*Flux Cored welding is relatively inexpensive, pretty easy to learn, and pretty versatile. But it

has it's limits, so I recommend having a stick welder too.

* It's not a new process, being dated back to the 1920's. 

* Instead of having the arc stabilizing flux on the outside as in stick rods, the flux is at the core.


At the local Weyerheauser Timber Company we would sometimes build car sills for railroad boxcars. Heck of a big job! We would use wire feed welders to do a lot of it. These units were basically 100% "duty cycle", meaning that we could run beads as long as we wanted without stopping for the machine to cool down. 


For some of the flat type welding positions, we would also run "jet rod" (7024), which produces great beads and is very easy to knock off the slag.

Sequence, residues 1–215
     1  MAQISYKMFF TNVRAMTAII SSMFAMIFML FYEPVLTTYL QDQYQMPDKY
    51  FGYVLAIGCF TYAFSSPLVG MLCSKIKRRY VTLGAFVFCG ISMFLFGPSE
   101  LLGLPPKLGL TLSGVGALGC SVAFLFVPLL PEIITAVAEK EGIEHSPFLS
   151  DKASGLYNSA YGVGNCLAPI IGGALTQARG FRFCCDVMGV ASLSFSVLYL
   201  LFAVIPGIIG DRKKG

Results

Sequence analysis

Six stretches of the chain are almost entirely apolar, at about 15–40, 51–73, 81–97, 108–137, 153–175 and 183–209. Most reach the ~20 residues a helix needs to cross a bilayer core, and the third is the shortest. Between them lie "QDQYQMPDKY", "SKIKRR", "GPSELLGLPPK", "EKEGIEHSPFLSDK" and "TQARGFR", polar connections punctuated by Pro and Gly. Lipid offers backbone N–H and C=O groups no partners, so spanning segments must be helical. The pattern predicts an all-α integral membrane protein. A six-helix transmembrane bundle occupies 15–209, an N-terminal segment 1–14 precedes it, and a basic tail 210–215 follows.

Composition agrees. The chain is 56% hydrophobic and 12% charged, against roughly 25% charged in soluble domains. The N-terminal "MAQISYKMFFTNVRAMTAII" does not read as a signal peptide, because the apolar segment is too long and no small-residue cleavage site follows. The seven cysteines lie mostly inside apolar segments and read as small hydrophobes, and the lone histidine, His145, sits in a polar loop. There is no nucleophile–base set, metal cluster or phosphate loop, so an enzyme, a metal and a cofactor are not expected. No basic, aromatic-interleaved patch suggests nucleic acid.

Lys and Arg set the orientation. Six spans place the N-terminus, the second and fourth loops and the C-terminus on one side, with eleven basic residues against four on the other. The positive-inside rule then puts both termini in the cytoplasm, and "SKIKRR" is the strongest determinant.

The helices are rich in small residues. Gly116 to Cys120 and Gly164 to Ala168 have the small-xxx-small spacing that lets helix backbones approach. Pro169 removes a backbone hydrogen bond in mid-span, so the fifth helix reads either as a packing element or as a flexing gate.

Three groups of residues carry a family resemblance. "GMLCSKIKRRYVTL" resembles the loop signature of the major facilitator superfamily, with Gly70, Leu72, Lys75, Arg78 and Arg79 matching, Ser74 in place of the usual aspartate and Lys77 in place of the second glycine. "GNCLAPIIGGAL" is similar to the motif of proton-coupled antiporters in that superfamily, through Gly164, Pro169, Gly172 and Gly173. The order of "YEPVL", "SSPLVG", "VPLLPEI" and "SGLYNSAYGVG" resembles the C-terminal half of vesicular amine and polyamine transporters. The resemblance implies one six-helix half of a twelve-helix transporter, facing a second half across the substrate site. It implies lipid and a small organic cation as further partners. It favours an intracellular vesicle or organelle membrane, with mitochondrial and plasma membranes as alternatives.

I prefer flux cored welding over the use of MIG, using gases as the shielding method. A personal preference. 


I recommend starting out at a bit higher Amp settings to help ensure that it's a bit easier to run, and to learn the eye-hand coordination.





Low end unit. Fewer

settings, lower Amps.

My unit. Good quality, more settings, higher Amps.

Higher end flux cored/gas welder,  better for a business!


My mig



for cleaning,



cutting the

wire to 


"stick out"

length, etc.

Jess Johnston, Author, Owner.  Copyrighted! ©